NCC 81- CARTHAGE 91
Our season ends vs. #24 Carthage in what turned out to be one of our better performances of the year, though as our formula goals above indicate, basically unSystemlike. Still, we played as a team, took good shots, and played hard.
Unfortunately, the game was marred by what passes for good defense in this day and age: pushing, shoving, and grabbing. I can understand when a System team gets a little off balance, reaches too much, or fouls a shooter going up for a layup. That's a predictable consequence of playing a fast, full-court trapping game. But we don't teach our players to push and hack... that stuff just comes naturally to them. On the other hand, "normal" defense (especially as played in DickBennettland) is focused on preventing any sort of penetration inside the arc. So a team like ours that wants to drive to the rim is going to get bodied-up. And a post player cutting across the lane is going to be checked and pushed.
That's defense in the modern era, and I have no problem with that. Defensive philosophy--like every other aspect of basketball--is all about tradeoffs: System D involves the willingness to give up easier shots for the sake of forcing turnovers. What I do take issue with is the unquestioning belief by basketball "purists" that the conventional approach (preventing easy shots at all costs) is the right and only way to play defense, the assertion that their tradeoffs are better than our tradeoffs. But consider one telling stat: both teams shot 26 freethrows... in the second half alone! Our fouls throughout this season have typically been the result of a young team not yet being able to execute their defense cleanly. On the other hand, the conventional "pack" defenses we've seen this year actually seem to have been taught to hold cutters, body-check drivers, and arm-bar post players.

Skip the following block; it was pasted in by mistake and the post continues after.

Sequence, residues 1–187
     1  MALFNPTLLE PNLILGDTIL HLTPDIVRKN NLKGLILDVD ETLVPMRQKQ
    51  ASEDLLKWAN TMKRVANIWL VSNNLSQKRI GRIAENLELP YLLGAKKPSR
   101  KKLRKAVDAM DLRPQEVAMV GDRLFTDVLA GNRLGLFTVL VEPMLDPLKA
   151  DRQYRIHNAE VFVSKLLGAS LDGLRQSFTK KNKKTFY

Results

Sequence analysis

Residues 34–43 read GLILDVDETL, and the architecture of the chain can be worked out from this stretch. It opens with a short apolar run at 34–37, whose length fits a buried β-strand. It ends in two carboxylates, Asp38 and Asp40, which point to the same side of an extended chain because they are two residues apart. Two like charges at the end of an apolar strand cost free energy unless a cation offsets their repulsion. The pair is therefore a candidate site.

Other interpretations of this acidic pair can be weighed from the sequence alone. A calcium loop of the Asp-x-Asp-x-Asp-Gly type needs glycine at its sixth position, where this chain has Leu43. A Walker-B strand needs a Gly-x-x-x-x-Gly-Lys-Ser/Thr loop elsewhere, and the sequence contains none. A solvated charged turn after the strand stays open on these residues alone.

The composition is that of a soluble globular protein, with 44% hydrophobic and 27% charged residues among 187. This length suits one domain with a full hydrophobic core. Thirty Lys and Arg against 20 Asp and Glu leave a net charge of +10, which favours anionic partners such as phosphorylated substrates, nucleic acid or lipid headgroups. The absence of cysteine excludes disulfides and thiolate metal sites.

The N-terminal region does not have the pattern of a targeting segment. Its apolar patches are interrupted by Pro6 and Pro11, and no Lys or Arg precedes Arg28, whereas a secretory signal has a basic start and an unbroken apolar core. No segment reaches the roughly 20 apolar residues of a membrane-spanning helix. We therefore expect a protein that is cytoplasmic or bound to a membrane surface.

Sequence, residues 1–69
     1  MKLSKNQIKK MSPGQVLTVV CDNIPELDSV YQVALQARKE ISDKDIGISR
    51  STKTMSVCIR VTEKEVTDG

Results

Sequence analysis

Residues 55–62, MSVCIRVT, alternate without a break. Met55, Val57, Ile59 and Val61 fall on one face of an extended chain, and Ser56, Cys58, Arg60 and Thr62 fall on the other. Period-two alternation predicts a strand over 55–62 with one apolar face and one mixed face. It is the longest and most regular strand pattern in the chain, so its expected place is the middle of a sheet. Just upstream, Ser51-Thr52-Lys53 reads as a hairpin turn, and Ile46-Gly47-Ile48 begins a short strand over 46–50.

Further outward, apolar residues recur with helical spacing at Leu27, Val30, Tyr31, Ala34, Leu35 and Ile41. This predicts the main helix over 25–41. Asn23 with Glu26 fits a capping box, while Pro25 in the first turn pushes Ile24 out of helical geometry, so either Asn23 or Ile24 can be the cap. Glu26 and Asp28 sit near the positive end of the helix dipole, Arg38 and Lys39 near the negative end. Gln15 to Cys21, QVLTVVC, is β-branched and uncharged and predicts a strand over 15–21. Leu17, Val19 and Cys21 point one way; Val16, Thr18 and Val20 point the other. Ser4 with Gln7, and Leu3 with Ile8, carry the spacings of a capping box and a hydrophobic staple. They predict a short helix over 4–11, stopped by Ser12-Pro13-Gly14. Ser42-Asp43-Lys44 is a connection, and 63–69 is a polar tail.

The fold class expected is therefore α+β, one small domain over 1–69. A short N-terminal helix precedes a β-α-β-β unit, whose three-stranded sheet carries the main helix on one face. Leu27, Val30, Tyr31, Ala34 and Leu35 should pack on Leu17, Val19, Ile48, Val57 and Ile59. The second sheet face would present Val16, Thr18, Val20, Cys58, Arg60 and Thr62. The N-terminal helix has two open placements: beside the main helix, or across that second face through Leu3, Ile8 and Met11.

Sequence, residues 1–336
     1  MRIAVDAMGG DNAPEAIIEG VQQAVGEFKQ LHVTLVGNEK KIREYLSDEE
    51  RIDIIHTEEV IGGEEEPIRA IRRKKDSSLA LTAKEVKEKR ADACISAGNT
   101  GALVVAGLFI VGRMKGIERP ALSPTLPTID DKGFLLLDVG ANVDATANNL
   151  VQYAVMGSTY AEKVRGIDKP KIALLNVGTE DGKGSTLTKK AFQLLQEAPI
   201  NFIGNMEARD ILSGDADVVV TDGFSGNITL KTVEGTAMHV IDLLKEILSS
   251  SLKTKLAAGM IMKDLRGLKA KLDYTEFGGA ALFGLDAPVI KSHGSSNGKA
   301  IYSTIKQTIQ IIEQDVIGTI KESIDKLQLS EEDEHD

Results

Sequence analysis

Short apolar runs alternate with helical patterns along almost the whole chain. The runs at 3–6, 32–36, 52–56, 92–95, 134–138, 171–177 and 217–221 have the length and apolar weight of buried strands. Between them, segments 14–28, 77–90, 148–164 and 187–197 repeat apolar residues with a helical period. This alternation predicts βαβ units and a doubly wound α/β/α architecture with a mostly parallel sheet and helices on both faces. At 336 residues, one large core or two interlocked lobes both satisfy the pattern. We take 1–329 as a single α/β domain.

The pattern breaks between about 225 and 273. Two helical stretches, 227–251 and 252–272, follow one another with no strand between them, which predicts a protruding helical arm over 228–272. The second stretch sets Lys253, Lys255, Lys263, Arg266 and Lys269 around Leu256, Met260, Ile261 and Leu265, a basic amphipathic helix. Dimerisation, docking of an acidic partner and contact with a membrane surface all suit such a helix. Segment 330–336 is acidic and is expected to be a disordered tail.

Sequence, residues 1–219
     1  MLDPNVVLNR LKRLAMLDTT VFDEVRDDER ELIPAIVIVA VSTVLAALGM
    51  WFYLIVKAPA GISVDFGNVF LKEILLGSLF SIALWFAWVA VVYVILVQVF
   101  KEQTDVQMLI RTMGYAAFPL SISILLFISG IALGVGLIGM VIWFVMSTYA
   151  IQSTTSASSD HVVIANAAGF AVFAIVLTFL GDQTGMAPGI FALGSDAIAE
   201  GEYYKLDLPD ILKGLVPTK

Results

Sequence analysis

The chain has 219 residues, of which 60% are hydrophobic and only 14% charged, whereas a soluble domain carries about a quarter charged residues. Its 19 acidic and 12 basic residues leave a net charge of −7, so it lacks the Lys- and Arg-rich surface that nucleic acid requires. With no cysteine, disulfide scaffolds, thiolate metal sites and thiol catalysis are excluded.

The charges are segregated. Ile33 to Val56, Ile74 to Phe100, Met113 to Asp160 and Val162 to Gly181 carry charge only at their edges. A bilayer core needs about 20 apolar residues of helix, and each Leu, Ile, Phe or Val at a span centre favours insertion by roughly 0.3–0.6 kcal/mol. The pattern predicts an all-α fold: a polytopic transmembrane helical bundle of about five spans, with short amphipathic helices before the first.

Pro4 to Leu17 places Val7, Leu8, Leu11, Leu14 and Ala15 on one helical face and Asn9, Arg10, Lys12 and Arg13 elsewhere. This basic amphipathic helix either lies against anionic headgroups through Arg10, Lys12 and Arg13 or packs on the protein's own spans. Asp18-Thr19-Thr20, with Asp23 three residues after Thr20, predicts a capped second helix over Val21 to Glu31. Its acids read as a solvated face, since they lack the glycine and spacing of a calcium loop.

The older I get, the more I agree with John Wooden that basketball's inherent beauty and grace has been corrupted, replaced in this day and age with a game based on ugly brute strength. Basketball as mudwrestling. Yes, System teams can hack a lot, but that's not the essence of the style... quite the contrary. The System, when it is played correctly, is a finesse game. The problem being that it's tougher to teach someone how to be a pickpocket than a mugger.
But when defenders learn to have "larceny in their souls" (as Gary Smith puts it), when they master the System pickpocket's sleight-of-hand, the result is beautiful: a knifing steal, a blind-side back-tap, a clean solid trap and well-timed rotation/ interception. These anticipation skills are what we try to teach our defenders. In the end, to each his own. But that does not include the right to define conventional defense as "good" and System defense as "flawed."
[Oh, by the way, our defensive plan worked well for most of the game, giving us a 10 point lead late in the first half, and keeping the game close for 37 minutes. All we did was run our "Back" press, moving the on-ball defender to half-court, rotating our weakside wing defender as usual to cover the lag after the inbound pass while the interceptor picked up the open cutter, then waiting to trap until the opponent dribbled the ball... a variation of the "Stay" press. A little safer, a few less turnovers forced, a few less layups given up... a tradeoff.]
In the end, Carthage adjusted as good teams do, but the Back press variation gave us a shot. Maybe next year we'll learn how to play defense the "right" way.